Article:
Struggling to prove your skills to an employer? Here are a few things you can do to show what you’re capable of.
A quick Google will tell you what the most in-demand skills are for 2023. According to Forbes contributor Bernard Marr, the five most wanted tech skills for this year are data communicator/storyteller, cybersecurity, UX design, digital marketing and AI.
Towards the end of December of last year, Hays’ Technology global head James Milligan wrote a piece published by SiliconRepublic.com outlining his predictions for the most in-demand tech jobs of 2023.
Milligan identified business analyst as the most popular, with project manager in second place. As he pointed out, many of these roles require one to have soft skills such as communication and flexibility.
But how do you demonstrate these skills? Here are a few pointers on how to prove to colleagues and bosses that you have the skills they’re looking for.
Let’s start with the most obvious thing to do – communicate. Communication is a vital skill and employers want to know that you have it.
Even for roles that are not customer facing, communication skills are essential. Writing emails, negotiating deals, collaborating with colleagues: all of these require you to be a good communicator.
The best time to prove to an employer that you are a good communicator is during the first job interview and application process. In all likelihood, you won’t even get an interview if your CV isn’t well written, and you won’t get the job if you can’t effectively convince the person interviewing you why you’re the right candidate.
It seems very simple – and it is – but to show your communication skills, you have to use them. First impressions are crucial. Presuming you’ve secured an interview for your dream job, your main task is to explain why you’re the person they should hire.
If you’re in a room with them (and it’s not a virtual interview) pay attention to your body language as well as what you say. If you sound confident but don’t appear confident, your interviewer might receive mixed messages – and vice versa.
Don’t slouch in your chair, try and make eye contact and take your time. Trust that the rest will come.
Imagine this scenario: you’ve got a great CV that’s well written and you’ve made a good first impression with the interviewer and the people you’ve met in the corridor. Then your interviewer asks you a question that throws you – ‘Talk me through your CV?’ or ‘Why should we hire you?’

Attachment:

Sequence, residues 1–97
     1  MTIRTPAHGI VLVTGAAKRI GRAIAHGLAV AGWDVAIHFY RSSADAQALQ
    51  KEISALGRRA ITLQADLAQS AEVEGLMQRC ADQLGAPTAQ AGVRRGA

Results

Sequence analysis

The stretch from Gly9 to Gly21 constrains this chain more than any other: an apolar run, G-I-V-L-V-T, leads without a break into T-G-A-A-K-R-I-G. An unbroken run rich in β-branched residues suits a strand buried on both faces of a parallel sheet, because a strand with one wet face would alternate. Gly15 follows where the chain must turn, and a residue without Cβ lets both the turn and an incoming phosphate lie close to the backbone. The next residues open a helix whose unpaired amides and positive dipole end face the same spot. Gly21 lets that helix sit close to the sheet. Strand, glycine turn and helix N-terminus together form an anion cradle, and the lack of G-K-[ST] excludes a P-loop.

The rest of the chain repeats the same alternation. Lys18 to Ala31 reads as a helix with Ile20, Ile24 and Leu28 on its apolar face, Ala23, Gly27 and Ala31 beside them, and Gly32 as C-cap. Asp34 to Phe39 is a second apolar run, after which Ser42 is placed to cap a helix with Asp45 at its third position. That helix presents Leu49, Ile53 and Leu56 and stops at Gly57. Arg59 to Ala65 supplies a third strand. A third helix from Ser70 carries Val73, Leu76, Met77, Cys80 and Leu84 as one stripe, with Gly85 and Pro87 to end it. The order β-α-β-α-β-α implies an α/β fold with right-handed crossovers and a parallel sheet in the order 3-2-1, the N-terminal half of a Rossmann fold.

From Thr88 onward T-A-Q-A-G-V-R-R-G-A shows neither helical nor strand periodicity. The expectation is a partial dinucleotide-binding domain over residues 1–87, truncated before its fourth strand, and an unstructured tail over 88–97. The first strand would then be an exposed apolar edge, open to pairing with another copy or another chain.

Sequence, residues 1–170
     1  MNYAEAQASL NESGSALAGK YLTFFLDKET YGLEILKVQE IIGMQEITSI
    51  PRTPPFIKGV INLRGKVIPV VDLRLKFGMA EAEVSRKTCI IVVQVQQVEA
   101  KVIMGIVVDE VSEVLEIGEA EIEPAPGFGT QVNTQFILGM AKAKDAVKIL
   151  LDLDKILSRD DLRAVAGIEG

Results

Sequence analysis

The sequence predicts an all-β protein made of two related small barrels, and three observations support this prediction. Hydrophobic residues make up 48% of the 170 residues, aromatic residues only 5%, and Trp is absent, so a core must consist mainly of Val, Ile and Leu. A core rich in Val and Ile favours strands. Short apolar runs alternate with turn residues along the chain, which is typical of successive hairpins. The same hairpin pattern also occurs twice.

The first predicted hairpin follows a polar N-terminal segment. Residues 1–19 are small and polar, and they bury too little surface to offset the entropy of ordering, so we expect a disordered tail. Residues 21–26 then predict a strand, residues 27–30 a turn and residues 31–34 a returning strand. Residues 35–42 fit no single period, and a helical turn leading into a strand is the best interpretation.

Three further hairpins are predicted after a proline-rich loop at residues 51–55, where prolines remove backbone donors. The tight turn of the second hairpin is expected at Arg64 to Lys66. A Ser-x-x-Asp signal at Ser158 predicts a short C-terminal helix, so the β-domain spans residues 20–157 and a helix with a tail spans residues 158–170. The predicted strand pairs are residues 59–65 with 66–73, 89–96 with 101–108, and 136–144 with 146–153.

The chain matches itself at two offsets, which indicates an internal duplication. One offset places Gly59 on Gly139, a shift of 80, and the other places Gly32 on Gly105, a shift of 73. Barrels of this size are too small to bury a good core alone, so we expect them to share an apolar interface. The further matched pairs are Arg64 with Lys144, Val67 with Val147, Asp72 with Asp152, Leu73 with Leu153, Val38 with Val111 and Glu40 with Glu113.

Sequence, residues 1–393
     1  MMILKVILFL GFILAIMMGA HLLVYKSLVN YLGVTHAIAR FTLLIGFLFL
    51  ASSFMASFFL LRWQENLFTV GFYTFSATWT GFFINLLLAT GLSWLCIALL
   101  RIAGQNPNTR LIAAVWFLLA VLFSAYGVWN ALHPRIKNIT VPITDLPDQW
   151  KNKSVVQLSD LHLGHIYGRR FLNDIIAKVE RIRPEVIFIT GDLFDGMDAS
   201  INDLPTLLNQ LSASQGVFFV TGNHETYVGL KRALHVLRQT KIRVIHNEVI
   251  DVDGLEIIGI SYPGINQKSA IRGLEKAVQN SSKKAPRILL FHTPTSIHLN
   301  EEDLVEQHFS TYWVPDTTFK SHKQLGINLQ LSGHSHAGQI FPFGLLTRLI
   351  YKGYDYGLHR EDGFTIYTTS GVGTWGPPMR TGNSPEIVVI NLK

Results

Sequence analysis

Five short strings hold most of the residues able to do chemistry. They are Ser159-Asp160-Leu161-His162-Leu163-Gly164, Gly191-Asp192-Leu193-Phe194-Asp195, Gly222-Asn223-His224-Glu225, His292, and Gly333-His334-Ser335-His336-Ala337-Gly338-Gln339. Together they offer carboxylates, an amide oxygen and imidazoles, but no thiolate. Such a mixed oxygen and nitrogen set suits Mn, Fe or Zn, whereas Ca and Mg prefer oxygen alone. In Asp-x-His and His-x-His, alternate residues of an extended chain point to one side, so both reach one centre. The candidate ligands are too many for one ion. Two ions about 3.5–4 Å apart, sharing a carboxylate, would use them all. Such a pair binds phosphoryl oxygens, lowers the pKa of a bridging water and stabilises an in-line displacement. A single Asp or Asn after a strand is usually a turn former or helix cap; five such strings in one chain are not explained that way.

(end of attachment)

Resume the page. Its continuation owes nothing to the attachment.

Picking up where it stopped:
If you haven’t anticipated this you’re probably in for a bit of a shock. Some gifted communicators will be able to come up with a wonderful answer right off the bat, but for most people, the ‘Talk me through your CV’ chestnut requires a bit of advance preparation.
Interviewers are pretty much guaranteed to ask you to talk about your experience, so you need to put some thought into what you’re going to say.
The STAR method is a great way to structure your answer – otherwise you might sound long-winded, or worse, unprepared and scattered.
STAR is an acronym used in recruitment circles that stands for Situation, Task, Action, Result. Start with a situation you were in; then describe what you had to do; then how you did it; and finish with what happened afterwards.
If you want a more forensic guide to using STAR, this blog post by Recruiters.ie breaks it down brilliantly.
Use your emotional intelligence
We already touched on this one above with communication and body language. But once you get a job and you’re well established in a role, communication becomes subsumed into a wider skillset along with other soft skills.
Communication, adaptability, listening, leadership, etc, are all soft skills that indicate emotional intelligence.
If you’re emotionally intelligent, you’ll find it easier to do your job and cope with any challenges it throws your way.
Demonstrating that you are emotionally intelligent is similar to demonstrating you can communicate. It’s intuitive and there’s no instruction manual.
As long as your employer and your colleagues can see that you are making an effort to be conscientious, fair and hard-working, you’ll be looked on as an emotionally intelligent person.
Leadership is a quality that not all people have, but being self-led is a skill everyone should work on even if they aren’t going to lead a team any time soon.
Being self-led means being resourceful, independent and driven. A great way to demonstrate to those you work with that you’re all of these things is to take charge of your own learning and development.
Keep on top of your hard skills, whether they are in cybersecurity, data analysis, AI or digital marketing.
Taking the initiative and doing a little bit extra to make sure you’re the best you can be shows everyone that you can be trusted to work independently and without constant management oversight.
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